|Straws in the Wind of Change||Frank Kimball Johnson examines the fall-out from the General Election|
The aftermath of a general election always sees the losing parties plunged into soul-searching about what they got wrong and how best to improve their appeal for future elections. The Labour Government is clearly on a downward spiral, so an increasingly disillusioned and exasperated electorate will be taking a much keener interest in the political alternatives available.
The Conservative Party being the most prominent contender, we should take careful note of what its most influential members are saying. Already that party's members are being urged by 'yesterday's men' to soften the party's image, widen its appeal, occupy the 'middle ground', etc., etc. And note how all of this is directed to winning votes, not to those fundamental changes needed to give any real hope at all of improving the country's fortunes. But all such tactical bribery and chicanery is unlikely to deceive an electorate all too mindful of the Conservative record in office.
And it is increasingly apparent that the Tories, like Labour and the LibDems, regard a multi-racial Britain as an irreversible fait accompli, and are likewise committed to remaining within the European Union. That fact alone destroys any credibility they try to achieve with election clichés like reduced taxation, less bureaucracy, more bobbies on the beat, etc. Just 'more of the same' is what the electorate is beginning to see behind all the blandishments and bribes of all three main parties contending for office. They are all lying through their teeth in asserting that the quality of life, prosperity and security can be improved without rectifying the two most damaging political blunders in our nation's history, namely the adoption of multi-racialism and membership of the EU. They are like nothing more than umbrella salesmen in a bombing-raid.
Whereas Labour and the LibDems are ideologically committed to multi-racial and globalist policies, the Tories while themselves obviously deeply divided on such issues remain too cowardly to do more than make a few token protests. According to some PR advisors, such as Lord Saatchi, the Tory election campaign lacked a really distinctive quality; thus people don't know what the party is actually about any more. Easily enough said; but the same pundits notably failed to produce anything resembling a vision of national recovery.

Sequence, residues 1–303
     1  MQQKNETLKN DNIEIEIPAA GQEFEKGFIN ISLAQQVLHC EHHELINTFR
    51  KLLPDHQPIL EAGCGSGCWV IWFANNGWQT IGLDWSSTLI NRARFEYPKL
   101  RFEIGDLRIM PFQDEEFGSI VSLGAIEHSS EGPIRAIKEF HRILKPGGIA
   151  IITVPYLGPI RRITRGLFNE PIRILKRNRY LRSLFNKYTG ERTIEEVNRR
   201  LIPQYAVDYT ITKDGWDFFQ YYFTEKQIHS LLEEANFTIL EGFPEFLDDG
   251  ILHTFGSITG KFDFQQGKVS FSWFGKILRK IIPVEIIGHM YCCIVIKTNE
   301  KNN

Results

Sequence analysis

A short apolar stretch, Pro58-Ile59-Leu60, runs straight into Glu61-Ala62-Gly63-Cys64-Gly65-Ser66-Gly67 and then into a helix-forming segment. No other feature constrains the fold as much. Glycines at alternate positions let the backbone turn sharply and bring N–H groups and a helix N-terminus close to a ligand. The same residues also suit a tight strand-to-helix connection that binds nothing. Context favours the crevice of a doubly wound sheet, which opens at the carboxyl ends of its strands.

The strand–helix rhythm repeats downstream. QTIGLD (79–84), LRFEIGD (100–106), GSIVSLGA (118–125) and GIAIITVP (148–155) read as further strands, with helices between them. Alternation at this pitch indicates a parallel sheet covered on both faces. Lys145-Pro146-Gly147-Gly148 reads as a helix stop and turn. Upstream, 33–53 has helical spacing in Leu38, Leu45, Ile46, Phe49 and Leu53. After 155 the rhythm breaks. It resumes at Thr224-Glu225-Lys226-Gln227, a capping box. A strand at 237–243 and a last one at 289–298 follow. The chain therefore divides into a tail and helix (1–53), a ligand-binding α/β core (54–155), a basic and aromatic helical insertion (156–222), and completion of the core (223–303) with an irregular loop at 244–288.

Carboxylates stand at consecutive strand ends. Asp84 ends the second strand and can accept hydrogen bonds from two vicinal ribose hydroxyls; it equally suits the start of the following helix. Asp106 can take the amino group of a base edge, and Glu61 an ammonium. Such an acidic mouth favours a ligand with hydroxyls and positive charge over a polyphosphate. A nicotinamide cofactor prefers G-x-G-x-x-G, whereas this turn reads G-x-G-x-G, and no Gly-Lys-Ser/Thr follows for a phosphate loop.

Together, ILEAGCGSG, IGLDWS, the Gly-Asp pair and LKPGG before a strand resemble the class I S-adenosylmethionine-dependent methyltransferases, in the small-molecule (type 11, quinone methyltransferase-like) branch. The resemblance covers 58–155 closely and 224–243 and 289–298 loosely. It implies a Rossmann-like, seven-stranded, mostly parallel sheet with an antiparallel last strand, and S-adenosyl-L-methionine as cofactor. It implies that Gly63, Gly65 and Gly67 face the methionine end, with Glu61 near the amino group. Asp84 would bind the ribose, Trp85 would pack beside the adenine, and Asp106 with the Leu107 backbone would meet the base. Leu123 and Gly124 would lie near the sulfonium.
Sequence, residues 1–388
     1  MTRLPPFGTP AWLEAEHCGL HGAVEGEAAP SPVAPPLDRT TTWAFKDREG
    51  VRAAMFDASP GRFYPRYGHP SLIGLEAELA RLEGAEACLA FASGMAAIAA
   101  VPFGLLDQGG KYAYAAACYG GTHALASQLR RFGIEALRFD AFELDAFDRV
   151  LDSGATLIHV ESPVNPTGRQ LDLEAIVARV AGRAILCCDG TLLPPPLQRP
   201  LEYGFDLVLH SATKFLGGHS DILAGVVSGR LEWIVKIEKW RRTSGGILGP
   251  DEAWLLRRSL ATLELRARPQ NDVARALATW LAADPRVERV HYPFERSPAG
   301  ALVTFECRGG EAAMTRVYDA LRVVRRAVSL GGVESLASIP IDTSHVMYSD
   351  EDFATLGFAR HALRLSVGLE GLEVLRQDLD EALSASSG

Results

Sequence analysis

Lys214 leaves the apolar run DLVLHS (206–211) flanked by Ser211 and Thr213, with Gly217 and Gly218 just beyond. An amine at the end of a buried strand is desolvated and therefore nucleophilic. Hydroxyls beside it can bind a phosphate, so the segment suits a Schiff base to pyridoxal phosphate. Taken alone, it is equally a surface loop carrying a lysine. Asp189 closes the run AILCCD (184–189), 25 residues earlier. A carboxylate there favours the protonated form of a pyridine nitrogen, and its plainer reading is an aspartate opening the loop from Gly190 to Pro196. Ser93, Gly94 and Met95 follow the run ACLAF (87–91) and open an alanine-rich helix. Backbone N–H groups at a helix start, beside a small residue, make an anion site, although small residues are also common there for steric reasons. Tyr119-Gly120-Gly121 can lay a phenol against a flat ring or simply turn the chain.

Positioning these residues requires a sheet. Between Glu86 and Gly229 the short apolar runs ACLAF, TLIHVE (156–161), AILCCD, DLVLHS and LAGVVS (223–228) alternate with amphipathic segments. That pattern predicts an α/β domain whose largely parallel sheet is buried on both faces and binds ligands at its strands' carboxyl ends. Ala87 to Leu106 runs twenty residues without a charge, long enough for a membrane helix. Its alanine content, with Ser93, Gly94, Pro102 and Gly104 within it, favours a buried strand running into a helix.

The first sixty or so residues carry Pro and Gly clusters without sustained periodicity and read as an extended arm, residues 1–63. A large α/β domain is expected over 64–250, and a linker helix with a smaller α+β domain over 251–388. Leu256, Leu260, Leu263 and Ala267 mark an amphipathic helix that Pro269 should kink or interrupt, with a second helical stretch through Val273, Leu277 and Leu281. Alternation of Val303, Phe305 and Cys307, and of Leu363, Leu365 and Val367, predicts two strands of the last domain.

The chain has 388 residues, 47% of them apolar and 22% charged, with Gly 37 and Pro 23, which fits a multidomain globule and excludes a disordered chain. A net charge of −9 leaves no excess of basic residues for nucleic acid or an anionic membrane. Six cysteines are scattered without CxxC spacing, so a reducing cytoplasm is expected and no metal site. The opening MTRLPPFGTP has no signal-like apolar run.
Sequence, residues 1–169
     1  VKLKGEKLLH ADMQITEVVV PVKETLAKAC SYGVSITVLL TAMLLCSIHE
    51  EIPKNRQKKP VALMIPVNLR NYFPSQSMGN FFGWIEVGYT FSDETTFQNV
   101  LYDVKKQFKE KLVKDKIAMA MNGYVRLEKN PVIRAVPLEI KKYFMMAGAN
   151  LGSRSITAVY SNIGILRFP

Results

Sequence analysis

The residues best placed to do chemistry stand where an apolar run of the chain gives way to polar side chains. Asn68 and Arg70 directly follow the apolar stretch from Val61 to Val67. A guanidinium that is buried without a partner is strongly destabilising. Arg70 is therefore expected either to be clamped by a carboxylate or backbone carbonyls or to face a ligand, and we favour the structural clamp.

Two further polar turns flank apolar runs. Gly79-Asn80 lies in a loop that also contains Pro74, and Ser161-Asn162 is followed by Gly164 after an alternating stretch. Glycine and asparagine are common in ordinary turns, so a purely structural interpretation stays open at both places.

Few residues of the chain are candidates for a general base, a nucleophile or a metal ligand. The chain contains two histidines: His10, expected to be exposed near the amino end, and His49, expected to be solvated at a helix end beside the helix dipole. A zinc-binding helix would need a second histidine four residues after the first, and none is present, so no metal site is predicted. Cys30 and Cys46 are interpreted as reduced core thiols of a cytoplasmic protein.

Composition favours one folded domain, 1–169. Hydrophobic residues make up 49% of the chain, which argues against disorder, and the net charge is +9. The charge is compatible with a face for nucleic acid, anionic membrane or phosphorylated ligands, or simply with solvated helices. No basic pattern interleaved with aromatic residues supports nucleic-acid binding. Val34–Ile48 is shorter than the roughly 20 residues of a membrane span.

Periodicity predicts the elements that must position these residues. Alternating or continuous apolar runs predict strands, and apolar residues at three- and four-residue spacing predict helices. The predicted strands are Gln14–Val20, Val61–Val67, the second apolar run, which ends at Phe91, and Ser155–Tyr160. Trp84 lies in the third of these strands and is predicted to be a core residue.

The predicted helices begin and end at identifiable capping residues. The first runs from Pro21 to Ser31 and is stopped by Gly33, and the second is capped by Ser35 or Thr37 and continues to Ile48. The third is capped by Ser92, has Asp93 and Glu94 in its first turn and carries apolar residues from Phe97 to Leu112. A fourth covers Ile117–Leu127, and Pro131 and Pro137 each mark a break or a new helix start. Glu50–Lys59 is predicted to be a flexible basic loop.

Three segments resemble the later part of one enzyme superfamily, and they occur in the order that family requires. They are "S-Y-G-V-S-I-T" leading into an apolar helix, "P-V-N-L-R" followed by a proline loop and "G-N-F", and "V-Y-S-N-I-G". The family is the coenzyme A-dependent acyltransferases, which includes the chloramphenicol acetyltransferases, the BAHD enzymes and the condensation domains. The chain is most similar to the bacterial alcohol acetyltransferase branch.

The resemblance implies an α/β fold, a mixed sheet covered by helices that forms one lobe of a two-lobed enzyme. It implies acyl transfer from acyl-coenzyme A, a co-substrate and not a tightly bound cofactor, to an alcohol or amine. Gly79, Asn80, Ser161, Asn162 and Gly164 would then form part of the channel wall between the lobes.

But of course, what the Tories are really about has been demonstrated all too clearly over the last fifty years or so: free trade, big business, the old-boy network, and keeping the superficial trappings of nationhood while betraying its essential foundations. So while the Tory Party might at some point replace Labour by default rather than merit, it is showing all the signs of terminal decline. The 'manifesto overlap' has already reached a stage where an understandably bored, confused and weary electorate increasingly resorts to apathy, indifference or the protest vote. Looming in the background of party-political bickering is the polarisation of world politics into globalist multi-racialism, on the one hand, and racial/religious nationalism, on the other.
So much for the renegade régime. What of the British Nationalist movement? In order to make really significant headway in future elections, this movement has to fulfil three conditions:-
Tackling the 'racist' charge
Meanwhile, the crudely 'racist' image of the BNP propagated by rival parties and the mass media has to be tackled head on, not ducked. Patriotism, we should declare at every opportunity, is only described as 'racism' by people lacking that basic loyalty or hostile to our race and nation. So let the label 'renegade' be applied to anyone (other than immigrants) who is seen to support multi-racialism or surrender to the European Union.
Let this be used to cancel out every allegation of 'racism', thereby throwing our opponents onto the defensive. As of now, the British nationalist campaign has to be on the offensive, making ever larger inroads into a discredited, decadent and renegade régime.
The first decade of the 21st century will surely be seen as the 'hinge of fate' for this country; the time when the renegade régime finally imploded and the British people reaffirmed their fundamental loyalties, free from alien interference and exploitation. All true nationalists are as convinced of this as they are of the law of gravity; accordingly, they see the latest election statistics as overshadowed by trends and events which signal the approaching demise of renegade politics. The sharp economic downturn forecast within the next two or three years will be the precipitating factor, attended as it will be, by increasing social instability.
Regardless of a discredited electoral process, therefore, tomorrow belongs to us!